Greg Lindsay

Greg Lindsay Greg Lindsay Greg Lindsay
01 Oct
2014
Greg Lindsay is an urbanist and journalist whose books include Aerotropolis, an examination of how airports have become the central hub for cities. His forthcoming book, Engineering Serendipity, looks at the role serendipitous encounters play in economics. 

Boris Johnson’s plans to start again with the Thames Estuary Airport scheme are problematic. The Thames Valley area is completely integrated into the global economy. If Johnson’s plans went ahead all those firms would be stripped out. What proponents of the plan hope would happen is that these businesses would move to another area in the UK, but that is fantasy. Businesses would say, ‘Forget it. We’re going to Schipol Airport.’

There is an expectation that in the next 40 years we’re going to have mega globalisation, with increased migration from rural to urban areas. Cities will be in trouble because birth rates will decline. We may be about to see the final global system because soon we will have built all the cities ever needed. The question then becomes how cities will jockey for position.

Air routes reflect this city hierarchy in action. Frankfurt is a perfect example. It’s not the largest city in Germany; it has never been the capital, but it has become Europe’s financial centre. India’s new prime minister, Narendra Modi, wants to build an urbanised corridor through the country, and airports are a key part of that strategy. Western China needs airports to be joined to the global supply chain. Zhengzhou now has one of the largest airports under construction because that’s where Foxconn has moved iPhone assembly.

There will not be a global capital of 2040 in the way we think of New York in the 1920s. China’s cities will play a larger role than India’s because of its autocratic nature and commercial resources. India still contains both Californian and Afghani levels of wealth and poverty.

What holds Dubai back are a number of problems: the local interpretation of Islam means there’s a limit to the tolerance level in the city; there’s also censorship and the fact Dubai does not offer long-term visas. The city also suffered  from the global financial crisis. If Dubai did it right, the city would give away all the unused office space to start ups that want to relocate there. Dubai is the creation of the US and Europe. After 9/11, Europe and the US started to close the borders. If you were a talented Algerian you did not have a chance to go to US or the EU, so where did you end up? You went to Dubai.

There are many cities like Tokyo, which grew slums from scratch after earthquakes in the 1920s. People built slums, but what happened there – and what’s happening now in Brazil – is that these slums became middle class cities. Researchers in Mumbai asked people in areas considered slums, ‘Do you live in a slum?’ People always said, ‘No, the slum is somewhere else. It’s not where we are.’ I used to favour more planning in cities, but now I prefer a more informal approach. There will not be enough time to plan all the cities required. At the Emerging and Sustainable Cities Initiative we try to learn from emerging cities like Mumbai; we think ideas about creating an upwardly mobile slum could be applied to places like Detroit. This is a city with 40,000 empty buildings because of regulation and foreclosures.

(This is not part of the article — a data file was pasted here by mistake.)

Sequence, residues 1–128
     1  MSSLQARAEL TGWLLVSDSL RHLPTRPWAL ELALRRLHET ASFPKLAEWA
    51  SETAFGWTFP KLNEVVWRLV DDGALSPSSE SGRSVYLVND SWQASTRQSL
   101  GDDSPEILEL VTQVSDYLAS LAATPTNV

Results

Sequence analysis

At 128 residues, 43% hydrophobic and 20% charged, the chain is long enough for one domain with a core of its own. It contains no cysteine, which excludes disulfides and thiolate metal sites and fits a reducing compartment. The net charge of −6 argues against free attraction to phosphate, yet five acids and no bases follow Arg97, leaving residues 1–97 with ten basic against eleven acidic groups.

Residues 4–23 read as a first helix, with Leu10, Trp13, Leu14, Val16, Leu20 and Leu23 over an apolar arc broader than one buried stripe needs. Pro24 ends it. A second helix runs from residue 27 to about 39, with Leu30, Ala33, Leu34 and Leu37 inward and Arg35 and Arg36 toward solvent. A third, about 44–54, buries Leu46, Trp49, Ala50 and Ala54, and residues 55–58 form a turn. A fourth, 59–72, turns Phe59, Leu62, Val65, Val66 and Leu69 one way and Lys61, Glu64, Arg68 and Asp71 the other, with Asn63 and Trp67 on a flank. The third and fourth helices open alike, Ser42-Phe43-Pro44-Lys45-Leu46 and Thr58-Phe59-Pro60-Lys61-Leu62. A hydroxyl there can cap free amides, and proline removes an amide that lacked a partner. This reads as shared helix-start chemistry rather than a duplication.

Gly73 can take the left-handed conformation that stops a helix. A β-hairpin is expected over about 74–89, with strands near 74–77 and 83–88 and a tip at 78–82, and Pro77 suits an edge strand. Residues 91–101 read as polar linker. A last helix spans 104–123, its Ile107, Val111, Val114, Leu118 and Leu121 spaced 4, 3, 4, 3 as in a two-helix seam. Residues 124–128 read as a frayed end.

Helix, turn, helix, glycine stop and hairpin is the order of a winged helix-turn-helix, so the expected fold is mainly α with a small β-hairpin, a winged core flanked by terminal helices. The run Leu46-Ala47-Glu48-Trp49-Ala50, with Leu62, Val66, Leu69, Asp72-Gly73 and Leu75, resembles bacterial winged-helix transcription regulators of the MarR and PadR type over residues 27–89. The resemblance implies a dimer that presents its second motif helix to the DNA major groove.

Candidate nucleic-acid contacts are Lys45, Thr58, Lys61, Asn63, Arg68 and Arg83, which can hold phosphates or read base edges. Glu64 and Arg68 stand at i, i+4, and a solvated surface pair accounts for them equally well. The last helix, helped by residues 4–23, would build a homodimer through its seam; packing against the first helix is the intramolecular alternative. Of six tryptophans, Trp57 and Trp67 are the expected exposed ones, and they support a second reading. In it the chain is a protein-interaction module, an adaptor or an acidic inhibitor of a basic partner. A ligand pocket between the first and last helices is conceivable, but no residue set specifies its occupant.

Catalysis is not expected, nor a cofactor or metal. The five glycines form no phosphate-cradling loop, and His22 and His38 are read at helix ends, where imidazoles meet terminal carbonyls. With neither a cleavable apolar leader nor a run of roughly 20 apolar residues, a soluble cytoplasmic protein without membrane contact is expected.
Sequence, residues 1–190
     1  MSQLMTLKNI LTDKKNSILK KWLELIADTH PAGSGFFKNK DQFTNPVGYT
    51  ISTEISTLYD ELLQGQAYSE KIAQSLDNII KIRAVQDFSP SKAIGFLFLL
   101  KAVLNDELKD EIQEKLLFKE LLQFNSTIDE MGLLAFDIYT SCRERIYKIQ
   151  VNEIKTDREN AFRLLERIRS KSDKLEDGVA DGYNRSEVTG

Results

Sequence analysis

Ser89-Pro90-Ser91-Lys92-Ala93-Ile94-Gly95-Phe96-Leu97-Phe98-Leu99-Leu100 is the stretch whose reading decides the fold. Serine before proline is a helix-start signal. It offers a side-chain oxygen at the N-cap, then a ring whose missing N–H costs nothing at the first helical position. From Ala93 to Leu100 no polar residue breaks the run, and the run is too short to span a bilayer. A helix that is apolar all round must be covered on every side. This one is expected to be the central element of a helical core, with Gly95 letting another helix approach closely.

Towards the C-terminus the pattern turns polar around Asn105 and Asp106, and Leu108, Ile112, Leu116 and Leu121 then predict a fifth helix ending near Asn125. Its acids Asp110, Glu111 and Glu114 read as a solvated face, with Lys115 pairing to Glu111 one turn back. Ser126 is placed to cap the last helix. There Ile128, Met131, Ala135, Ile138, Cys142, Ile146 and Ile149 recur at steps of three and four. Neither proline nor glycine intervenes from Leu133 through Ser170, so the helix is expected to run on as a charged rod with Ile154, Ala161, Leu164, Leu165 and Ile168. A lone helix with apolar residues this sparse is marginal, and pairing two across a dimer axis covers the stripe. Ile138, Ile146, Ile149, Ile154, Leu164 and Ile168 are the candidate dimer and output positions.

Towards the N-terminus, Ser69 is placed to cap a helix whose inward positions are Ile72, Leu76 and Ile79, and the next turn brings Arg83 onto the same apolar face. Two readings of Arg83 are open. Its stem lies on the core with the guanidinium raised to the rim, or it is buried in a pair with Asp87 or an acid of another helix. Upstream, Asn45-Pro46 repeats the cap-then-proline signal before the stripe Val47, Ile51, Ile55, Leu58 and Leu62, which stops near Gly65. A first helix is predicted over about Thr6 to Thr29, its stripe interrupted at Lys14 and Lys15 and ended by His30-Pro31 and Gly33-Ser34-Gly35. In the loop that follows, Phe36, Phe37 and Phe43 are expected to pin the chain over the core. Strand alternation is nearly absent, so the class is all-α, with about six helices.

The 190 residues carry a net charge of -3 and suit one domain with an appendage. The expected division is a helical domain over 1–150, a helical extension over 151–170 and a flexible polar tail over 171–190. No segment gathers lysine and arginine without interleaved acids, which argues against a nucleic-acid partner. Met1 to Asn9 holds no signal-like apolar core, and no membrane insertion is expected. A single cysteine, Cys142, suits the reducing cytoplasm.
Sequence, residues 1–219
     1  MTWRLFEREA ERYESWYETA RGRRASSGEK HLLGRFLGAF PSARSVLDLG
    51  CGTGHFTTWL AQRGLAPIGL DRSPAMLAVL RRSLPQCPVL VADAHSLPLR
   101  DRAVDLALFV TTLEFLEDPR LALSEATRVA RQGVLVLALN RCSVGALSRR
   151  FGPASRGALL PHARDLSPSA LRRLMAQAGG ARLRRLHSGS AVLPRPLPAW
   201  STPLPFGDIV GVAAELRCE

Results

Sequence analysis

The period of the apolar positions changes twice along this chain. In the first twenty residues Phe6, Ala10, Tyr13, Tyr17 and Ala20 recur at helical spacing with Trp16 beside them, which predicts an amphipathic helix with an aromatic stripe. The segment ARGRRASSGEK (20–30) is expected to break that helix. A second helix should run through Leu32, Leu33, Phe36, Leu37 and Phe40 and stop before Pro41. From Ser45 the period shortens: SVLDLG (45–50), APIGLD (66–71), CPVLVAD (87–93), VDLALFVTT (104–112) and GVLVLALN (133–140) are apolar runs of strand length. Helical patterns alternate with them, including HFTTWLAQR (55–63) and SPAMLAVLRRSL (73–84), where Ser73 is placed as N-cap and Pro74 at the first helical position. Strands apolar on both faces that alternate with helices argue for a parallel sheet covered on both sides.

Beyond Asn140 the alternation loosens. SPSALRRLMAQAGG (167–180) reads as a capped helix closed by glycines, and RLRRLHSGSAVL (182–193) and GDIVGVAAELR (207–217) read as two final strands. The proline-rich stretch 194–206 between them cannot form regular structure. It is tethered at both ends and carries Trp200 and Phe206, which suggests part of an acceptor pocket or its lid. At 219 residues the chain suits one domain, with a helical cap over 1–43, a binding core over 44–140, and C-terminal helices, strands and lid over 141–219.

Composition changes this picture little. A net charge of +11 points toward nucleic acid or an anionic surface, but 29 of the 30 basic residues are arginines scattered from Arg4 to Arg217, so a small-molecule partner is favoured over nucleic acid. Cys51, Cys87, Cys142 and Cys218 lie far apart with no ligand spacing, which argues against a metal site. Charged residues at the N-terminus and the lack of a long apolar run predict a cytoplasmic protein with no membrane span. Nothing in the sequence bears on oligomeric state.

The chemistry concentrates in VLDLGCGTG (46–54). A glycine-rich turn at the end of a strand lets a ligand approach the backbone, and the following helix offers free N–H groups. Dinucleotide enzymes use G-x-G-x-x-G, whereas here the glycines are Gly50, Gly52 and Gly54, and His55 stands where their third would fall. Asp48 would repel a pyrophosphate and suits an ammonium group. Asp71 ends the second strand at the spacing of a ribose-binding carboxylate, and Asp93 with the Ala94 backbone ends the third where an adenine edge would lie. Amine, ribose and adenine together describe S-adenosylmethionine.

Detroit is an example of how the divide between the developing and the developed world has collapsed. In Detroit there’s a group called the Detroit Water Brigade who provide water to residents cut off from the water system. There is an injustice because there are golf courses with water left on to water grass, while ordinary residents cannot get water. The best expert on informal water distribution is the largest NGO in Kabira [a slum in Nairobi], and that is where the people of Detroit turned for help. US cities have slum dynamics because of austerity.

I love New York. I also love Dubai. It’s not a melting pot because the city is very stratified. This is a place where the notion of a ‘city’ is a totally globally dispersed people. Dubai is filled with Indian businessmen and African traders; it’s the new Silk Road.

Detroit is a nightmare city because it is a bizarre alternate version of New York. Detroit’s Michigan Central Station was built by the same architects who built Grand Central Station in New York, but the former was derelict for years. If Detroit carries on its current trajectory, the US will be remembered for creating one of the world’s greatest cities and then destroying it. The poor are being forced out of the inner cities and the suburbs are becoming the centre for marginal groups. This is a new urban crisis where the challenge is to address problems in suburban areas that have nothing in common with inner cities.

 

CV

1977 Born in Kankakee, Illinois
1999 Degree in journalism from the University of Illinois at Urbana-Champaign
2005 Editor-at-large for Advertising Age magazine
2007 Contributing writer for Fast Company magazine
2011 Publishes Aerotropolis: The Way We’ll Live Next with John Kasarda
2012 Work with the Studio Gang displayed at Museum of Modern Art (MoMa), New York for Foreclosed: Rehousing the American Dream
2014 Leads Emergent Cities Project for World Policy Institute and Clinton Global Initiative America

This story was published in the October 2014 edition of Geographical Magazine

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